The rate of price growth in the U.S. reached a new 40-year high
The Ministry of Labor’s consumer price index reached a new 40-year high in February. The world’s largest economy continues to suffer from a spike in inflation, which is only expected to worsen due to the effects of Russia’s invasion of Ukraine.
The February consumer price index rose 7.9 percent from the same month last year, the highest since January 1982. Gasoline, food and housing prices rose especially sharply. The Federal Reserve is expected to raise benchmark interest rates next week. But analysts warn that sanctions imposed on Russia, a major oil and gas producer, could come as another shock to the U.S. economy.
Inflation has become a serious problem for President Joe Biden, who gradually lost voter support over the course of 2021 due to steadily rising prices. In a statement issued after the inflation figures were released Thursday, Biden warned of the consequences of “Putin’s price increases” and acknowledged that “it will be costly to the domestic economy.”
“But Americans should know: the costs we place on Putin and his minions are far more devastating than the costs we face,” Biden said.
Treasury Secretary Janet Yellen acknowledged that rising prices are a problem, and annual inflation “remains extremely unpleasantly high.” According to the statistics, the consumer price index rose 0.8 percent from January, in line with economists’ expectations, but nevertheless the rate of inflation only accelerated, with the index rising 0.6 percent in January.
A 6.6% jump in gasoline prices accounted for a third of the monthly increase in the CPI, while spending on food rose 1.4%. This was the largest increase in either category since April 2020. Americans’ spending on rent increased 0.5% from January and 4.7% over the past 12 months.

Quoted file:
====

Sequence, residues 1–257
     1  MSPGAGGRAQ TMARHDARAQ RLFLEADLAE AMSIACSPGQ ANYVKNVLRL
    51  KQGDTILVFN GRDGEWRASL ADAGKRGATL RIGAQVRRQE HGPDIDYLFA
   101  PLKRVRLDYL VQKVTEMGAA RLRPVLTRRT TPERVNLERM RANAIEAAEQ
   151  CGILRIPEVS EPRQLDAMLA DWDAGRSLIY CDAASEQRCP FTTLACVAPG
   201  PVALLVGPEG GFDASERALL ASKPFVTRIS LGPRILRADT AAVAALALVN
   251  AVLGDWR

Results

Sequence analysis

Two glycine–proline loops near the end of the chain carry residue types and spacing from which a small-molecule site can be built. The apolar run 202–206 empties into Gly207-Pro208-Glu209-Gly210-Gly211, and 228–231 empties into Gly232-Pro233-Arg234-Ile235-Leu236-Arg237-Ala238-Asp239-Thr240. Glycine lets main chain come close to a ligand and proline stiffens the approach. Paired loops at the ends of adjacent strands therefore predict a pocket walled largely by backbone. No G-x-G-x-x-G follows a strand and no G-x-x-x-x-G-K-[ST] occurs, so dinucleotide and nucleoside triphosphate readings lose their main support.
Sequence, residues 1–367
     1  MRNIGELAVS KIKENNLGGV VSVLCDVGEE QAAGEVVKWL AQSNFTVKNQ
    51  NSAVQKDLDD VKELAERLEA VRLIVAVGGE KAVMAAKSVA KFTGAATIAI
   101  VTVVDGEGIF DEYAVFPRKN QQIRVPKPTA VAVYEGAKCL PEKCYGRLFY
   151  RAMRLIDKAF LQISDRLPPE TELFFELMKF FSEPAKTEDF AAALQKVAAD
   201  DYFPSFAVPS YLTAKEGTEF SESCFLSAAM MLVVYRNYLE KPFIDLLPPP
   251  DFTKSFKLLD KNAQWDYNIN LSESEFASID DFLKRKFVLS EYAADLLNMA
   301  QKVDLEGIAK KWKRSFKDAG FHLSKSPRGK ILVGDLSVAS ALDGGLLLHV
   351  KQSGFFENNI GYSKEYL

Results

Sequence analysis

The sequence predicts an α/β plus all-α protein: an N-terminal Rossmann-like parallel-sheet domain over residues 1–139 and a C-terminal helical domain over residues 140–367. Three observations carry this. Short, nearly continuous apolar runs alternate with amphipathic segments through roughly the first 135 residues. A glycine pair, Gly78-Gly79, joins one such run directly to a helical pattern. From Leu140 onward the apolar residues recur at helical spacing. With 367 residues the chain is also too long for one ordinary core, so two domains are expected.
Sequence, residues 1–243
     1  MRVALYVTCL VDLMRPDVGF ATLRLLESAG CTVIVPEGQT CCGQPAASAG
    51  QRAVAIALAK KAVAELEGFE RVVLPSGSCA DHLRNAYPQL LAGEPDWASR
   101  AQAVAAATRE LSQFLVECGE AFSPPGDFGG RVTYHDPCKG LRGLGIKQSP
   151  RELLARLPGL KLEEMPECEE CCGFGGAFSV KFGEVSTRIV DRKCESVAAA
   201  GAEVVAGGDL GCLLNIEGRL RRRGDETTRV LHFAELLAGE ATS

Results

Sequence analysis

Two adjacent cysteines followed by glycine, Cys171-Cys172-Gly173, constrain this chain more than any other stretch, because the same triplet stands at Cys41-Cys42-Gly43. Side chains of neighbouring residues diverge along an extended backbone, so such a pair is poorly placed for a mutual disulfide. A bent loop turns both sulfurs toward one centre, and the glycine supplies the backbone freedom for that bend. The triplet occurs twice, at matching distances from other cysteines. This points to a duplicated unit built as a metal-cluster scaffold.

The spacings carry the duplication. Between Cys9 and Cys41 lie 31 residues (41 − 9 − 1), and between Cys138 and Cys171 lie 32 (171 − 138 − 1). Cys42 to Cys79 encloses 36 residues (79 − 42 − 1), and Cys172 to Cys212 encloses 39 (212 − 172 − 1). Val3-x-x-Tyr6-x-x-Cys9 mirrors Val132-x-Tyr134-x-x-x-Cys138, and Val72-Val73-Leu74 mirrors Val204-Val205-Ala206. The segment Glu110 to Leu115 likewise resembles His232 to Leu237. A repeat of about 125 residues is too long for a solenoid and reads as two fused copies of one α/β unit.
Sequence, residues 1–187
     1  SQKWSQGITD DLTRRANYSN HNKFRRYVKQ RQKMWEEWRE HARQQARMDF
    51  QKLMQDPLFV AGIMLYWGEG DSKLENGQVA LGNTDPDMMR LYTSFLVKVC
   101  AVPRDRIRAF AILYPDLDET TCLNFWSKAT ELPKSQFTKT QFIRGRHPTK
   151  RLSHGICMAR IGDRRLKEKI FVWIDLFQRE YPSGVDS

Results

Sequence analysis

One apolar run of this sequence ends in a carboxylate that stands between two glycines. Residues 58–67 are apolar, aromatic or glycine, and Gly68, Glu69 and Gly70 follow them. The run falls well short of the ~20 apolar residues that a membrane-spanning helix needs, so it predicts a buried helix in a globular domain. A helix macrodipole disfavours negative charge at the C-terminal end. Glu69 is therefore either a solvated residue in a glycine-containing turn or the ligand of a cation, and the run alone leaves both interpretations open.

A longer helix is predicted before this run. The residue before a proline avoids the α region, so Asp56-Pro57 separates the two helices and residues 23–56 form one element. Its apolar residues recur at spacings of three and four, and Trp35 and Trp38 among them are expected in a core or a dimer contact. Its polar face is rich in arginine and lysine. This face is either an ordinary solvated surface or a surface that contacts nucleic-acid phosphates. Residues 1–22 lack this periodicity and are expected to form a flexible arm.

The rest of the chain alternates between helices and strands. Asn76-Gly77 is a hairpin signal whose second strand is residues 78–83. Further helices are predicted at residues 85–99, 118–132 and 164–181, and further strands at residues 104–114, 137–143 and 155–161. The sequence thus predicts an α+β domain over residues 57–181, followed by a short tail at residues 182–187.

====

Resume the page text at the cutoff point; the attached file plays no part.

Excluding increases in food and energy prices, the consumer price index rose 0.5% month-over-month last month, down slightly from January and up 6.4% from a year earlier.
The most powerful player in the fight against inflation is the Federal Reserve, whose leaders have made clear that they will raise benchmark interest rates next week, ending the “easy money” policy enacted when the COVID-19 pandemic began.
Yellen said she is confident that the central bank can “make a significant difference” and lower the rate of inflation. The Fed has raised rates repeatedly this year, but warns that “heightened uncertainty and the current shock to financial markets as a result of the war in Ukraine” will force the Fed to act cautiously.
The jump in oil and gas prices caused by the war and sanctions against Russia “will lead to a higher short-term peak in inflation and a slower decline than previously anticipated during 2022.”